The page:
Unsung Heroes: Dimension Natural

Posted by on Dec 3, 2013 in Blog, Unsung Heroes

Unsung Heroes: Santiago Gibert Isern, Alan Monroy Ojeda and Perla Platas Garza –Dimension Natural


At the 10th World Wilderness Congress we discovered hundreds of young activists who were working quietly behind the scenes to make the WILD vision a reality. We felt that these people’s activities should be recognised. In keeping with the knowledge that young people are the future, we asked our team of young trainee journalists in the press office to go out and interview them.

Santiago Gibert Isern, who is head of the young initiative Dimension Natural, is very passionate about photography. Together with Alan Monroy Ojeda and Perla Platas Garza, he uses his pictures to protect wildlife and educate the Mexican people about the functioning and the status of ecosystems. Their message is clear: the environment is beautiful, but we have to act to protect it.

“With my pictures, I’d like to show society how great nature really is. I want to mobilize different groups to conserve the big reserves and biodiversity in general. People should fall in love with nature, and get involved in the conservation movement.” So far, he has exhibited pictures of mangroves, cloud forests and various biological corridors. He publishes these photos in books, which he sells to raise money for conservationist projects.

Dimension Natural took off after WILD9, and managed to get support from the Mexican Government and several businesses. Around two years ago, the team started an integrated conservationist project in Chiapas. Together with the Orantes family, who own a terrain of 1200 hectares, they made a start with ecological research and educating local people. Meanwhile, they continuously publicise their activities by visiting congresses and exhibitions.

“Eighty-five percent of the Orantes family’s land is destined purely for conservation. The other 15% is used as coffee plantations” says Santiago. Alan jumps in. “It is a great piece of land, because it houses very exceptional species such as the endangered Ornate Hawk-Eagle, the Tapir and the Jaguar. We found four Ornate Hawk-Eagle´s nests, which is the highest density ever measured in Mexico. It is an indicator species for healthy cloud forests.”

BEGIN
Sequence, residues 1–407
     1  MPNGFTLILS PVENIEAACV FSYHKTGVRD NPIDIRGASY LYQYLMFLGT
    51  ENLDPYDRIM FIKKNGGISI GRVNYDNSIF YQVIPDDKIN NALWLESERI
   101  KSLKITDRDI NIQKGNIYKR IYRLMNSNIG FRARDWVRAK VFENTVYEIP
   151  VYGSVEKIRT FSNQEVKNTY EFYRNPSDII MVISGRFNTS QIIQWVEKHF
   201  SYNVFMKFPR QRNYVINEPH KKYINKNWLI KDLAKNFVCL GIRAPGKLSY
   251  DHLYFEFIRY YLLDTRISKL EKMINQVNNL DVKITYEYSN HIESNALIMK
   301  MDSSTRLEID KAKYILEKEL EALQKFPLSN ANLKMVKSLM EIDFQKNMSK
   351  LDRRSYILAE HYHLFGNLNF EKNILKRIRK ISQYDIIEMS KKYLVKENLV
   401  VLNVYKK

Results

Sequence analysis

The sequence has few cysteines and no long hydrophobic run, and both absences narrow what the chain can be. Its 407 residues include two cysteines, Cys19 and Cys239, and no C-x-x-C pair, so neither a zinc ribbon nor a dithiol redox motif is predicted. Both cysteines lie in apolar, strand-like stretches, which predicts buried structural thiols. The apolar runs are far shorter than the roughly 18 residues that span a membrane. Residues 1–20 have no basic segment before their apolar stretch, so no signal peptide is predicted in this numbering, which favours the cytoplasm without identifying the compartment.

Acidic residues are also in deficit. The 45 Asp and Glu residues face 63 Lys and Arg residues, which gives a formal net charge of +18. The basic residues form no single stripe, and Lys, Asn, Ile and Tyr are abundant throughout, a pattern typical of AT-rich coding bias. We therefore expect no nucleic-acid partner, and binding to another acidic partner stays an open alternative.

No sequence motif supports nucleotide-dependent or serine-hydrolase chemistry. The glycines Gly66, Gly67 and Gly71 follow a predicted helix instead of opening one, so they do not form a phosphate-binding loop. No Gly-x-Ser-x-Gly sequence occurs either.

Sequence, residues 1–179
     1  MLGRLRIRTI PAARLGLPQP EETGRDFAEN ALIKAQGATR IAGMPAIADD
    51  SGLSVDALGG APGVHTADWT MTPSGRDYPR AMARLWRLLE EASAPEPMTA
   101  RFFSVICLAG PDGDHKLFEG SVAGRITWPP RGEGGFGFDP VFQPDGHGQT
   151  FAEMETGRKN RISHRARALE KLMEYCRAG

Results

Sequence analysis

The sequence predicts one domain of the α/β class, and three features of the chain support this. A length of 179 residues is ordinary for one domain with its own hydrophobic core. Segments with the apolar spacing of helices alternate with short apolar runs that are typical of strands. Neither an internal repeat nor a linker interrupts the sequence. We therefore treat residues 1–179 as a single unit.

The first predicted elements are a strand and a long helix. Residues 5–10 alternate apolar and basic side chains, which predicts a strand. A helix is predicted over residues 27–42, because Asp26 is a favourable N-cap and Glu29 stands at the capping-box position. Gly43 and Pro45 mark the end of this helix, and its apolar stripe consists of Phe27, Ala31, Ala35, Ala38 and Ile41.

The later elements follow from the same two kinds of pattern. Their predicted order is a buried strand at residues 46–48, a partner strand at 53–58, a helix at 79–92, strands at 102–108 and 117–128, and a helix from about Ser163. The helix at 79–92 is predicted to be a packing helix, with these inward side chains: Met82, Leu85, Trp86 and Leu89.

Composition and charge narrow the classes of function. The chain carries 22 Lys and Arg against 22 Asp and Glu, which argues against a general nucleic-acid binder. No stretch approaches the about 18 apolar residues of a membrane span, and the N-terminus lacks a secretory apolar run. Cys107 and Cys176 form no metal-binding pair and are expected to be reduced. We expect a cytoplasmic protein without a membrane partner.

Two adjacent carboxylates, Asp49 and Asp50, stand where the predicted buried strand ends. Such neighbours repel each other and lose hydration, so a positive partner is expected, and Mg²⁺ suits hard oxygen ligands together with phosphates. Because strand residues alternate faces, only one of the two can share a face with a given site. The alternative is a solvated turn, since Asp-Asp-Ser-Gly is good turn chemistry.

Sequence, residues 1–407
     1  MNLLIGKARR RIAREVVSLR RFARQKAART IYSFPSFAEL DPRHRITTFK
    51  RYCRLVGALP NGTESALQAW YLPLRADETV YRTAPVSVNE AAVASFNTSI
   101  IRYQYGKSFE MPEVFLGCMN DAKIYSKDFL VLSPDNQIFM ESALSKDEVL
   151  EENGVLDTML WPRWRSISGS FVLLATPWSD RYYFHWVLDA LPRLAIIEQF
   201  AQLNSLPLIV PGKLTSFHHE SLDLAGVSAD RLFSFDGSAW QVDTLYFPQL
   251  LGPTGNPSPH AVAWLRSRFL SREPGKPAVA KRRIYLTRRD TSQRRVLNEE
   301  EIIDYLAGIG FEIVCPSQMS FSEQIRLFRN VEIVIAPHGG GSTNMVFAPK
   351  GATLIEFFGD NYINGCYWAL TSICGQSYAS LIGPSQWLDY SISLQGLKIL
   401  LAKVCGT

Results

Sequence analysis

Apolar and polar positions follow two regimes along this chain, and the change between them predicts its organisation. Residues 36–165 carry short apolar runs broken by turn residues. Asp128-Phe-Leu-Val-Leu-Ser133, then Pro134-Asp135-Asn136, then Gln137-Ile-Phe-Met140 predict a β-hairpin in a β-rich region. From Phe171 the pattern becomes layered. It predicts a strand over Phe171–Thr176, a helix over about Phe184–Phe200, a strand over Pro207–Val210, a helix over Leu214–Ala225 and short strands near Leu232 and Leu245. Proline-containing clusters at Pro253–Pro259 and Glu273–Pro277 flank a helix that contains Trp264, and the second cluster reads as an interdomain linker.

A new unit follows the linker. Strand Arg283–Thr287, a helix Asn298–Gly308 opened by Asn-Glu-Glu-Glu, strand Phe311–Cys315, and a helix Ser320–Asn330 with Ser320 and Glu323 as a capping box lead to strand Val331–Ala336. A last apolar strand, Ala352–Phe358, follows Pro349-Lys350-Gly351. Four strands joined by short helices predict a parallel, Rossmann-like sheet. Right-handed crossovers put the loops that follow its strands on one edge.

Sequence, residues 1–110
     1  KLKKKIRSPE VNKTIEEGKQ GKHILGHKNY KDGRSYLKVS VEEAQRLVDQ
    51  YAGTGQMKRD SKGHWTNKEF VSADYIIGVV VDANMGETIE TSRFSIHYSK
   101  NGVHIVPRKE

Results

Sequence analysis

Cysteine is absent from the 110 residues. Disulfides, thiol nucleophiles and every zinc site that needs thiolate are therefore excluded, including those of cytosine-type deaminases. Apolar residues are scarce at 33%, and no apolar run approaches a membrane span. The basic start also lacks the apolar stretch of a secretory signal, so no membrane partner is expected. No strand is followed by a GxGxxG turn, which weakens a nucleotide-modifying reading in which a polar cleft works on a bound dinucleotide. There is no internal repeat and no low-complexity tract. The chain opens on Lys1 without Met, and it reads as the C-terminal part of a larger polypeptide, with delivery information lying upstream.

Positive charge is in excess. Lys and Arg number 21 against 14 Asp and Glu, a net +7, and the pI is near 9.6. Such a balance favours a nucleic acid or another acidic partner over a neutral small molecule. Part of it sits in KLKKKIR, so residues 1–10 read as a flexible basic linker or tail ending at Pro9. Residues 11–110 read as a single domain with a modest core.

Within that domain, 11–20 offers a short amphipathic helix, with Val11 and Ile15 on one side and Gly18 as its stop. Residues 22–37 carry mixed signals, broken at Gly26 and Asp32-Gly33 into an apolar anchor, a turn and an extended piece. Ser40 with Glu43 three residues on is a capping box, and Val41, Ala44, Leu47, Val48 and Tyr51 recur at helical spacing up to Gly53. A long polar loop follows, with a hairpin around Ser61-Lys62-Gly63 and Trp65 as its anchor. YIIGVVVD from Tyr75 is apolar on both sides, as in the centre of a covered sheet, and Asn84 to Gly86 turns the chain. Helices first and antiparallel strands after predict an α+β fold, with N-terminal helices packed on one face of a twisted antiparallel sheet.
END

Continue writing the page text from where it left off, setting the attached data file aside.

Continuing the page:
The presence of these species is partially thanks to the owners, who use simple measures to combine high quality coffee production with nature conservation. One of the most important qualities of the system is that the trees have not been cut, even on the plantation sites. “You can meet a Jaguar between the coffee plants”.

Perla explains her part. “We are now starting to target surrounding communities and local coffee producers, to educate them about nature, quality of life and environmentally-friendly coffee production with low resource use. We can show through experience that this combination is viable. One of the things we do is to let children colour pictures of nature.” They are also working towards the production of participative documentary videos with locals.

Dimension Natural’s other ambition is to start a research centre in the area in Chiapas, just as it is doing in the North of Mexico. “We are the first ones to point out the corridor potential of this location” explains Santiago. “Other environmental groups are interested. We think it needs to happen, because the neighbouring parks are currently separated”.

Santiago wraps it up. “It is becoming clear that combining science with art is an extremely powerful way to raise awareness among many different groups. We see that we are not alone, and that gives hope. We can´t stress this enough: it is not too late. We all have to act now!”

Dimension Natural: http://www.dimensionnatural.com

This interview was conducted by Gilles Havik – Gilles, who is from the Netherlands, graduated in Biology & Forest and Nature Conservation and is currently working for the municipality of Amsterdam on various conservation projects. He writes a blog called Sailing On Dreams.

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